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Climber scales 1,600 ft wall of rock with no harness

Danielle Olipra

Alex Honnold climbs in Yosemite National Park with no ropes, no harness

Alex Honnold, a 26-year-old rock climber from Sacramento, California is being called the “best climber alive” after his most recent climb, reports CBS News. “60 Minutes” recently covered Alex Honnold’s attempt to scale at 1,600 foot rock surface at Yosemite National Park. What’s so special about Honnold’s climb? That would be his method—he uses no ropes to guide him or protection to catch him. Honnold wears rubber climbing shoes and straps a bag of chalk to himself, which he uses to keep his hands free of sweat. These are his only aides.

The climbing practice, dubbed “free-soloing,” is obviously extremely dangerous and is only suited for the truest of thrill-seekers. In fact, less than one percent of people who also consider themselves climbers even attempt it. Honnold defies both this statistic and gravity by having completed over a thousand free-solo climbs. He is the only person known to have free-soloed the northwest face of Half Dome (also in Yosemite).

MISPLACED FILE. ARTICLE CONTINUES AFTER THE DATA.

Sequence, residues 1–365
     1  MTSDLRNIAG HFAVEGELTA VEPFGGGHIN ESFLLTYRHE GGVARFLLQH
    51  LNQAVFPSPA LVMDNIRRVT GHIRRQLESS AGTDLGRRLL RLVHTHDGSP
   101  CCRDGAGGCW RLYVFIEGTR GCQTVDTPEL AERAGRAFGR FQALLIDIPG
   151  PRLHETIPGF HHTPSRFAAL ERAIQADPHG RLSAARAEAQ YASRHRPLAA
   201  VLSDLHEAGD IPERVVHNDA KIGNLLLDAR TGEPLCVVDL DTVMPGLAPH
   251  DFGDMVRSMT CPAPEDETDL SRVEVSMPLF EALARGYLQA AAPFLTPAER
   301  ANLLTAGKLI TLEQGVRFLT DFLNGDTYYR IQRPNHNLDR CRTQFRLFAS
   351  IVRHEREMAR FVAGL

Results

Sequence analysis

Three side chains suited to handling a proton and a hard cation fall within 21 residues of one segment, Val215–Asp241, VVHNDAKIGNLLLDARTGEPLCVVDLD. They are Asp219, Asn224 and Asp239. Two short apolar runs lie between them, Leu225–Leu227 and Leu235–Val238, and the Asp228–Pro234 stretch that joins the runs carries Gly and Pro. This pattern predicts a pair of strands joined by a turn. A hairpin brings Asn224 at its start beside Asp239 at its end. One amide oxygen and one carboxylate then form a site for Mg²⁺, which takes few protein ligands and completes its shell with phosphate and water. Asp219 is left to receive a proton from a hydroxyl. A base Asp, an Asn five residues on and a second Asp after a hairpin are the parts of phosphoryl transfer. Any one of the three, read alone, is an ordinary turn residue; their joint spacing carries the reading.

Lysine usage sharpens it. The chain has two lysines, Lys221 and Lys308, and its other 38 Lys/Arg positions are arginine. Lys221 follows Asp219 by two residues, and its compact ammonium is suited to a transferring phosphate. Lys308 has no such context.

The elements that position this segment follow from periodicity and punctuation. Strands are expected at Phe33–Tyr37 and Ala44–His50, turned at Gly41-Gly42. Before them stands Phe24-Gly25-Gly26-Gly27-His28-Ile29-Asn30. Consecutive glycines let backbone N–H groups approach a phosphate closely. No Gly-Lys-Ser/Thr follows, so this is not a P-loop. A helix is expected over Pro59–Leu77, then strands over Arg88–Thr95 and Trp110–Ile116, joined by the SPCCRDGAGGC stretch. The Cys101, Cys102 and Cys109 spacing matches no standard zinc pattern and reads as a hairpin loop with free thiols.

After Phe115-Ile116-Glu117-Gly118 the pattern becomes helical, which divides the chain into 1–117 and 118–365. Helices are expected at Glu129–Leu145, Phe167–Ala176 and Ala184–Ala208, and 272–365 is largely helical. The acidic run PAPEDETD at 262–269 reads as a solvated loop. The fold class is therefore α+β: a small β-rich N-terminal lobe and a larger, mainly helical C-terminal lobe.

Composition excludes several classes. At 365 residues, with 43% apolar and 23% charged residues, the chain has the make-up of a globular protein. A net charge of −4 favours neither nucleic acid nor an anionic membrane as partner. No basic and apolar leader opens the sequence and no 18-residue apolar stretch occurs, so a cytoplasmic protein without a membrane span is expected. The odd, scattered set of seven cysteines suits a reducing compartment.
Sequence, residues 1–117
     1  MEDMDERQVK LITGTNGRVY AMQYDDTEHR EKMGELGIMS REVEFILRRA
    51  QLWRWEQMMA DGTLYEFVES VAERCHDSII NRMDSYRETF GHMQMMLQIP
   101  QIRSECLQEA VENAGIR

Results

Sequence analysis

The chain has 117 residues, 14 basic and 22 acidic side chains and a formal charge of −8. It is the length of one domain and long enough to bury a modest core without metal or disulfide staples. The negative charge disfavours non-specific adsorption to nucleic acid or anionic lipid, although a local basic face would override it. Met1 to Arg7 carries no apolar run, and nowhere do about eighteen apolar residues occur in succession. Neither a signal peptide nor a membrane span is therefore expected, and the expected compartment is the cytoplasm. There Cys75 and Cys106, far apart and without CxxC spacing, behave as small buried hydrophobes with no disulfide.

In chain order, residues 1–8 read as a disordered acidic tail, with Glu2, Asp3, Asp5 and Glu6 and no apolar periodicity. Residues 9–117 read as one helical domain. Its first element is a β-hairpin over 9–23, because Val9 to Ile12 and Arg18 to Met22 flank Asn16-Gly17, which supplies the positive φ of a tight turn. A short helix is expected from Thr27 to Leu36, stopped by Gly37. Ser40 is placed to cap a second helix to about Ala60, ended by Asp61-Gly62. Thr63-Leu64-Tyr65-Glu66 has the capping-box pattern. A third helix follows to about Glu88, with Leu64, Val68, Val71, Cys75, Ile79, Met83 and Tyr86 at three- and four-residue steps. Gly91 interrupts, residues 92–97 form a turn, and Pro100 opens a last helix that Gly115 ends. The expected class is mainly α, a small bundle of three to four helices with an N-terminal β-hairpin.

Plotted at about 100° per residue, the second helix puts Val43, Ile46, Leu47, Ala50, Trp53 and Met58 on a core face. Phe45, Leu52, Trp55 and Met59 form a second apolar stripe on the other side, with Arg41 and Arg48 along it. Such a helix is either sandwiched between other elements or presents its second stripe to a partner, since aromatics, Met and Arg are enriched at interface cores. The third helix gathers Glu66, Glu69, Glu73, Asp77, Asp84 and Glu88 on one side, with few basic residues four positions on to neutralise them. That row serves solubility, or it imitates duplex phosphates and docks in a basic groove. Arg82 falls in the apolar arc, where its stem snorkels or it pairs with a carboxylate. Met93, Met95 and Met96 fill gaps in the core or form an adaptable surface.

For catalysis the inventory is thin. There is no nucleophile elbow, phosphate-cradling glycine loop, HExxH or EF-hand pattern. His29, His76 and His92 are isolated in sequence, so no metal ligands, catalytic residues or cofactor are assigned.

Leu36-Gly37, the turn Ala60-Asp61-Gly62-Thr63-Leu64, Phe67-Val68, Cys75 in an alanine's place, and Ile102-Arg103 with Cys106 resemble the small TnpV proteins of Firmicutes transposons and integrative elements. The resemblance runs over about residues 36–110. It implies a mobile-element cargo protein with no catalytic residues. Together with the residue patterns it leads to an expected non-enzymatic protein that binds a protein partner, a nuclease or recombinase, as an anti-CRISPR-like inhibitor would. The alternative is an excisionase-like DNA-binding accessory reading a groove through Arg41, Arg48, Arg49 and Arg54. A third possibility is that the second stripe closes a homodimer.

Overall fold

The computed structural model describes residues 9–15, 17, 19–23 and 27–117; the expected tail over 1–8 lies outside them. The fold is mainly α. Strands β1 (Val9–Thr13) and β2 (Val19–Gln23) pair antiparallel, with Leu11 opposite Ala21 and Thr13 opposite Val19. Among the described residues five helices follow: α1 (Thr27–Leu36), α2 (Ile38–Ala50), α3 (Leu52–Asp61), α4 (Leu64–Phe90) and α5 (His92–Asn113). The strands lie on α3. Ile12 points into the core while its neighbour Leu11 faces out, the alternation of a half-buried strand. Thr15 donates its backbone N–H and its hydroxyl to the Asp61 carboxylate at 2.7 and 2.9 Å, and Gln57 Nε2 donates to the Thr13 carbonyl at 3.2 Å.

“60 Minutes” correspondent Laura Logan recently interviewed Honnold, and while you may have a picture of him as a restless adrenaline junkie, he revealed to Logan that his state of mind during a climb is quite opposite. “There is no adrenaline rush,” he says. “If I get a rush, it means that something has gone horribly wrong, because the whole thing should be pretty slow and controlled.” Honnold’s tremendous feats put him in incredible peril every time, but he shows no signs of stopping.

Logan also interviewed John Long, who was a rockstar of climbing in the ‘70s. When asked what he believes is Honnold’s greatest accomplishment so far, Long replied, “that he’s still alive.”

Read more about Honnold’s ascent here.

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